John Jr.'s Reviews > That Hideous Strength

That Hideous Strength by C.S. Lewis
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's review
May 03, 2012

liked it
bookshelves: sf, fiction-modern-british
Read from August 10 to 31, 2001 — I own a copy , read count: 1

First, a reminiscence. I continue to be surprised by my mother, though she died three years ago. She gave at least one volume of this trilogy to me when I was a young adolescent and finally gave the third to me some 40 years later, at Christmas 2000. I imagine she understood that, insofar as they're allegorical, Lewis's Narnia books derive from a formerly great literary tradition, but she knew as well that they were meant for children; she had no interest in them herself (that I can recall) and never expected that I would either. Lewis's so-called Space Trilogy, on the other hand, is thoroughly adult. By giving its volumes to me over the years, my mother honored what she saw as my intelligence, beginning before my mind had developed much and extending throughout her life.

Some comments: It’s a fine and lovely book, often very funny (the dithering speech of the Deputy Director is an example, as are the maneuverings for position among the academics), wondrously imaginative (Merlin himself figures into the story, and the beings that appear to be angels are presented in terms of the old planetary gods of the astrologers--Mercury, Venus, and the like), and a good deal concerned with ethics and morality. This is a rare combination; in fact, the feel of the book, the flavor that results from Lewis’s particular combination of those ingredients, is something I’ve never encountered elsewhere. Maybe the biggest surprise is that it’s clearly a Christian book, by virtue of the metaphysical hierarchy that informs its world, yet one finds very little mention of Christian beliefs and practices: Christianity is an aspect of the story, not one of its subjects. (One could wish for the same from many of today’s Christian artists.)

Some quotations that I copied into my journal:
Everyone begins as a child by liking Weather. You learn the art of disliking it as you grow up. Haven’t you ever noticed it on a snowy day? The grown-ups are all going about with long faces, but look at the children--and the dogs. They know what snow’s made for.

That’s Denniston, one of the “good guys,” talking. They’re clearly not ascetics; their simple, direct (and, as his own words suggest, childlike) response to a sensual experience is one reason we like them.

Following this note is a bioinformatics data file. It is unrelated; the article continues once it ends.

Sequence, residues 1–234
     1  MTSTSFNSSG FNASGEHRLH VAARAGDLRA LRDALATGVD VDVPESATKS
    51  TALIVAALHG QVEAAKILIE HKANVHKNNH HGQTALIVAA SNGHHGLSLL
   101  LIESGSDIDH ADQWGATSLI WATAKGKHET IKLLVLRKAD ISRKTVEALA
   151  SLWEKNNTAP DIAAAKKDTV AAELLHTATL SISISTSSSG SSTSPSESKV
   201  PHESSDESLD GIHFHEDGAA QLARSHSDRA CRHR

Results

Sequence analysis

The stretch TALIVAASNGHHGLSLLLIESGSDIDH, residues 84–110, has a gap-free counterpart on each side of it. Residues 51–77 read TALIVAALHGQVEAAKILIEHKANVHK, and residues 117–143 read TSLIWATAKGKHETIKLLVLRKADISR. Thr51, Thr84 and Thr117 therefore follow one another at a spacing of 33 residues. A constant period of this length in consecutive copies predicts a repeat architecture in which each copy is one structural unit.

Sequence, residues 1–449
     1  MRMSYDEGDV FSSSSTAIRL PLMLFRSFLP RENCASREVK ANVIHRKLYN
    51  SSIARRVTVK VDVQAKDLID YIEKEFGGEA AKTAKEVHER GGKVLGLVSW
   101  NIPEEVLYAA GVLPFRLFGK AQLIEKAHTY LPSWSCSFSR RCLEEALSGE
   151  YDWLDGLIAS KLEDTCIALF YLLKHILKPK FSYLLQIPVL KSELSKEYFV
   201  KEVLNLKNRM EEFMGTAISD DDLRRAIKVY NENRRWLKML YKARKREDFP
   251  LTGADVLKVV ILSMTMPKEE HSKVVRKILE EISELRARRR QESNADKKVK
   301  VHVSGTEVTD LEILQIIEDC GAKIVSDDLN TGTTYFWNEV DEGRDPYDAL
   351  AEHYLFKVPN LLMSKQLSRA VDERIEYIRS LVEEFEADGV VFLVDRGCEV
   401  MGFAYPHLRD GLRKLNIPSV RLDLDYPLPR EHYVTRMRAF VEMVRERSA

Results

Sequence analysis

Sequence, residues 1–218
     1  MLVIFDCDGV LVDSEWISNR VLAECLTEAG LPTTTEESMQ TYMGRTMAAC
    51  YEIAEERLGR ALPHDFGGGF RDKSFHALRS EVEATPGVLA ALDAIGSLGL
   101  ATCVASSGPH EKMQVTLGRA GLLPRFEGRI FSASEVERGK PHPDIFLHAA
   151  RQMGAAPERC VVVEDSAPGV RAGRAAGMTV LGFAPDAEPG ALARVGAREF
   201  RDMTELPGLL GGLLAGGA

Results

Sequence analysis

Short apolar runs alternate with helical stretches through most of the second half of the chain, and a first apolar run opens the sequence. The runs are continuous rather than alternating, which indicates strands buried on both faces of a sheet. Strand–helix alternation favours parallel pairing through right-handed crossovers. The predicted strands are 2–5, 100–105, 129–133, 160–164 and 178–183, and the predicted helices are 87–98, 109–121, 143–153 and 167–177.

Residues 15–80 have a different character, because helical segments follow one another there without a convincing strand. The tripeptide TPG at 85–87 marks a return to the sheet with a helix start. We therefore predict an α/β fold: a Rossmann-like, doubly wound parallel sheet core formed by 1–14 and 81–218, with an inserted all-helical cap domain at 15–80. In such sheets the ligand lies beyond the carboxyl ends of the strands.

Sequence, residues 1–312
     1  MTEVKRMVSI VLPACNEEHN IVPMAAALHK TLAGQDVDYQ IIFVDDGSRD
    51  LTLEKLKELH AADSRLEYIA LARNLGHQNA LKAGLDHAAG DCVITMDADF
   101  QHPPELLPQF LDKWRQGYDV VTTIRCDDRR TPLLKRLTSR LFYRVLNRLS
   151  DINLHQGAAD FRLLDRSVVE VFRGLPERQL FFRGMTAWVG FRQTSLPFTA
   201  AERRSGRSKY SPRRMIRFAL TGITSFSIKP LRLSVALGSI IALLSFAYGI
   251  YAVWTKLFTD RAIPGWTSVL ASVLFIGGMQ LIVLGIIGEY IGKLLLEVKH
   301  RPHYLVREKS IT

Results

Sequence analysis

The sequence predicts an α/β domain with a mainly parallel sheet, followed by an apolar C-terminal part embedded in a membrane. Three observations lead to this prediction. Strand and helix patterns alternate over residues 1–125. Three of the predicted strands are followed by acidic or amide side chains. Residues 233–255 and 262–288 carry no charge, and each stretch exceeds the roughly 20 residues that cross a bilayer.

If you pick up some rotten thing and find this organic life crawling over it, do you not say, “Oh, the horrid thing. It is alive,” and then drop it?… Minerals are clean dirt. But the real filth is what comes from organisms—sweat, spittle, excretions. Is not your whole idea of purity one huge example? The impure and the organic are interchangeable conceptions.… You would understand if you were peasants. Who would try to work with stallions and bulls? No, no; we want geldings and oxen. There will never be peace and order and discipline so long as there is sex. When man has thrown it away, then he will become finally governable.… The world I look forward to is the world of perfect purity. The clean mind and the clean minerals. What are the things that most offend the dignity of man? Birth and breeding and death.

This is Filostrato, one of the scientists attached to the “institute” that’s a front for the dark forces, the initials of which are N.I.C.E.. What he outlines is part of their project to improve the condition of man.

…they had discovered the state of Merlin: not from inspection of the thing that slept under Bragdon Wood, but from observing a certain unique configuration in that place where those things remain that are taken off time’s mainroad, behind the invisible hedges, into the unimaginable fields. Not all the times that are outside the present are therefore past or future.

A filigree of fine phrasing and idea creation.

…he was past the age at which one can have night fears. But now … he felt those old terrors again.… Materialism is in fact no protection. Those who seek it in that hope (they are not a negligible class) will be disappointed. The thing you fear is impossible. Well and good. Can you therefore cease to fear it? Not here and now. And what then? If you must see ghosts, it is better not to disbelieve in them.

Simply good writing (an explanation wrapped up with an aphorism), though of course the anti-materialist point serves Lewis’s larger purpose.

It isn’t to his wife that a man turns under the influence of aphrodisiacs.

A comment by Frost, another of the bad guys. The statement has a degree of truth that’s not undercut by the identity of the speaker.

In case anyone wonders about the source of Lewis's title, the title page of this edition gives it as follows:
The Shadow of that Hyddeous Strength
Sax Myle and More It Is of Length.
—Sir David Lyndsay, from Ane Dialog,
describing the Tower of Babel
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